ISLAMABAD: The federal government failed to defend the payment of Rs480 billion worth of circular debt by declaring an emergency four and a half years ago, enhancing chances that the case would again land in the National Accountability Bureau (NAB) for investigation.
Officials of the Central Power Purchasing Agency Guarantee Limited (CPPA-G) could not defend the case in a meeting of the Senate Standing Committee on Finance and Revenue, which equally caused embarrassment for the power secretary and treasury members.
The meeting was called at the request of the Ministry of Energy that had complained that it had not been given sufficient opportunity to give its viewpoint. In May this year, the Senate standing committee had unanimously decided to refer the circular debt payments to investigation agencies for a comprehensive probe.
The PML-N government had made the payments in June 2013 within a day by suspending all relevant rules and procedures. The debt had accumulated during earlier administration of the Pakistan Peoples Party (PPP).
The Senate standing committee unanimously adopted the report of its sub-committee that conducted parliamentary investigation into alleged irregularities in the payments.
After the committee’s decision, the Senate also adopted the report. But its implementation is pending due to opposition from the Power Division. At that time, the committee had recommended that the case should be referred either to NAB or the Federal Investigation Agency while seeking recovery of Rs60.7 billion from the independent power producers (IPPs).
The parliamentary investigation primarily focused on a report compiled by the Auditor General of Pakistan (AGP) on the clearance of circular debt.
The AGP report also showed that the government had failed to adequately verify all claims before retiring the circular debt and made “avoidable payments” amounting to Rs165 billion to the power producers.
CPPA-G chief executive officer and chief finance officer could not satisfy members of the committee on Tuesday.
“I cannot defend inconsistencies in official responses and if the committee deems it appropriate it may send the case for inquiry,” said Power Secretary Yousaf Naseem Khokhar. But he sought two more weeks to get to the bottom of the problem.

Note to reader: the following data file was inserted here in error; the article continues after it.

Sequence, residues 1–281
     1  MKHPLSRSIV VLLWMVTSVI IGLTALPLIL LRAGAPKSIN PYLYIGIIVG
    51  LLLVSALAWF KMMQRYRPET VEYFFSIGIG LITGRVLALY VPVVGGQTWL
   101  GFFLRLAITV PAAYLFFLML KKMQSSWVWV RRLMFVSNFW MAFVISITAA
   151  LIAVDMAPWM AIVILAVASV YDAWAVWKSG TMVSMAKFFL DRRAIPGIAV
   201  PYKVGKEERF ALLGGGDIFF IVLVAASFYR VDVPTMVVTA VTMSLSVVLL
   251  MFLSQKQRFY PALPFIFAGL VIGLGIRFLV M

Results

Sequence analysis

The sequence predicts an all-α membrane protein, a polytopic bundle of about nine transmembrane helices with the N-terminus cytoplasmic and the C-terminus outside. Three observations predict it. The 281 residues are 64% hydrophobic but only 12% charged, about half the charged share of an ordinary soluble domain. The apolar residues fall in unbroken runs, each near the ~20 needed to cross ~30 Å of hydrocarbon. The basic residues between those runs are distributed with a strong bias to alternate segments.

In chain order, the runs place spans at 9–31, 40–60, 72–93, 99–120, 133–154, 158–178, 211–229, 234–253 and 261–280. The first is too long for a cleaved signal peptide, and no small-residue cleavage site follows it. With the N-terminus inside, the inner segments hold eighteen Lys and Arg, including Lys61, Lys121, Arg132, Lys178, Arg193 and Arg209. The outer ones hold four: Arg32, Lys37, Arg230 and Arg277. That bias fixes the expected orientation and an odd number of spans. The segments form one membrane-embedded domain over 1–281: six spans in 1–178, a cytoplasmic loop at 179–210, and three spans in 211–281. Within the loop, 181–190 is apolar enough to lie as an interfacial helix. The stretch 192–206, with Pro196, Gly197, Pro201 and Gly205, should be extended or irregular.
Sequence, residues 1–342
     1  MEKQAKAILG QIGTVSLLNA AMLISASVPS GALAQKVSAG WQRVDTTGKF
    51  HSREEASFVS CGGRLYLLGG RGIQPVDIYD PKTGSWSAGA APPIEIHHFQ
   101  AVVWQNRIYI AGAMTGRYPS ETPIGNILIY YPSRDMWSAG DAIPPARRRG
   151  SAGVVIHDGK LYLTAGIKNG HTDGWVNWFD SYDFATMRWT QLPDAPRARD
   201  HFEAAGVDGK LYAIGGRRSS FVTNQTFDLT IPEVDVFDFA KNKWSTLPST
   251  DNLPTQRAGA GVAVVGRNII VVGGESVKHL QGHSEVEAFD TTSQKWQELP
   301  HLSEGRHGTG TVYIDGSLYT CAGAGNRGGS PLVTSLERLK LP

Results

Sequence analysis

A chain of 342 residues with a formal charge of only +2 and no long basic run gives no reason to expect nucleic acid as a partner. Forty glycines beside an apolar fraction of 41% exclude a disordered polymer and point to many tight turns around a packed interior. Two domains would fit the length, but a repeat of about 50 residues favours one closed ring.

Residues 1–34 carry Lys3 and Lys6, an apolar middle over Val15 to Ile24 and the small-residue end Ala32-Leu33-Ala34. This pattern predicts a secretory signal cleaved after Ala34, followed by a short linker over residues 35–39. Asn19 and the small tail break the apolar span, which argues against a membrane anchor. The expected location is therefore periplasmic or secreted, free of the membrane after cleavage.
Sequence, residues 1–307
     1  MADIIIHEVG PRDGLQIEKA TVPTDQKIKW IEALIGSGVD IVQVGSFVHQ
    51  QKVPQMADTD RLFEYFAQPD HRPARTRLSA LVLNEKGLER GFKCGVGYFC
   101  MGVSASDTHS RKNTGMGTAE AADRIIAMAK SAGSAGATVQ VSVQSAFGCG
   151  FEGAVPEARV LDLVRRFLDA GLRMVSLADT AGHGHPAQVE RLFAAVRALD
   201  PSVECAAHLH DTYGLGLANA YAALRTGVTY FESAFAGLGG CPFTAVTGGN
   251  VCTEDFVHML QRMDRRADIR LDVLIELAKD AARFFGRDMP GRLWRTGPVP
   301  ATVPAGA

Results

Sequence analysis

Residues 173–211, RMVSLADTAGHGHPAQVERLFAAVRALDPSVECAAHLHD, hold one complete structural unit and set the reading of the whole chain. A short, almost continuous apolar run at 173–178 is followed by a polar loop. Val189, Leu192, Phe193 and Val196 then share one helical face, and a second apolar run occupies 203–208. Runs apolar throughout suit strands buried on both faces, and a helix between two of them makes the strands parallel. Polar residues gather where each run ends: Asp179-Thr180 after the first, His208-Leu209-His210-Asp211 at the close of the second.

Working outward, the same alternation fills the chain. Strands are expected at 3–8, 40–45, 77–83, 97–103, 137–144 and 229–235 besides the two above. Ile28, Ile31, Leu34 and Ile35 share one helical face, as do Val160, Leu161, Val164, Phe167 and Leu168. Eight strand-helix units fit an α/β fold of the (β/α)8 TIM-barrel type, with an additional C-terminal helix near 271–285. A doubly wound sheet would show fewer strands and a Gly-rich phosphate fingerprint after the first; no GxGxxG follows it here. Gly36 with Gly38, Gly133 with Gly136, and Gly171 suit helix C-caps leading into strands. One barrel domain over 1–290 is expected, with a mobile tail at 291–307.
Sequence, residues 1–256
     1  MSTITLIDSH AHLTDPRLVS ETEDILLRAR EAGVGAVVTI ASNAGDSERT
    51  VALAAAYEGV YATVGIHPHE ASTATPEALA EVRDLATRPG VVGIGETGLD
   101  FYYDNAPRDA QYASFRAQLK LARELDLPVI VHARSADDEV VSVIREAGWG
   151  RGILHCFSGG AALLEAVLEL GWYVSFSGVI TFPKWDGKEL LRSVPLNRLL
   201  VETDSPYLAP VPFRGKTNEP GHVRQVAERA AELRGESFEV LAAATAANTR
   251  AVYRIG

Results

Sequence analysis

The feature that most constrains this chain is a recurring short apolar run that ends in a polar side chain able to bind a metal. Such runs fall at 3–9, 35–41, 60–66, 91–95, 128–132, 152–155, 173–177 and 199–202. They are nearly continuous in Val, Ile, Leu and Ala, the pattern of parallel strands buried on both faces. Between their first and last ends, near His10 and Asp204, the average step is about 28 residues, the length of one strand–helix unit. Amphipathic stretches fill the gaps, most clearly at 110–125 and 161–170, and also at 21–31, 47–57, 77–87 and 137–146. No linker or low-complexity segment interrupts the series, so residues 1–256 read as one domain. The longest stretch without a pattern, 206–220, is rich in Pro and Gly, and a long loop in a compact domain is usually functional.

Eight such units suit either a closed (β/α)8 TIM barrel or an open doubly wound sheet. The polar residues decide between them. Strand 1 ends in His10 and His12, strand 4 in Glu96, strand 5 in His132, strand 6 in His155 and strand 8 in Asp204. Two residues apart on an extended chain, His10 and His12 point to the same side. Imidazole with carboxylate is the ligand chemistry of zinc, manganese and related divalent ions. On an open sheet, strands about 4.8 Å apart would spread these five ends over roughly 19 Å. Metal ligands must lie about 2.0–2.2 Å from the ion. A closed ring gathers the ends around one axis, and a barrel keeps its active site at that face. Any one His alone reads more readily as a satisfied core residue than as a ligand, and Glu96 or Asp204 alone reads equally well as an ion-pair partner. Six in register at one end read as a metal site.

The committee was seeking responses in relation to Rs32.5 billion worth of idle capacity payments, Rs2.7 billion of payments to the IPPs and the decision to conduct a heat rate study of the IPPs.
The power secretary said if he could not satisfy the members, the panel may send the case to NAB or can order a forensic audit.
To a question about the declaration of emergency to make payments, the secretary said it was the responsibility of the finance ministry.
By declaring emergency, the ministry had cleared the dues within 24 hours, but the committee’s findings revealed that there was no emergency-like situation at the time.
During Tuesday’s proceedings, the committee’s main concern was Rs32.5 billion worth of “unjustified payments” to the IPPs on account of idle capacity. In its report, the committee has declared it a criminal act.
However, Senator Osman Saifullah of the PPP questioned the AGP’s capability to understand the complex nature of the power sector. The AGP had alleged that the government gave “undue favour” to the IPPs by paying for the idle capacity.
The power plants were ready to supply electricity and it was the government’s fault that could not buy it, said Saifullah.
Responding to a question, an AGP official admitted that the power plants had made more money through receiving payments against idle capacity.
Two members of the sub-committee that conducted the probe were of the view that the capacity should not have been idle when up to 18 hours of load-shedding a day were being carried out in 2012-13.
Published in The Express Tribune, December 13th, 2017.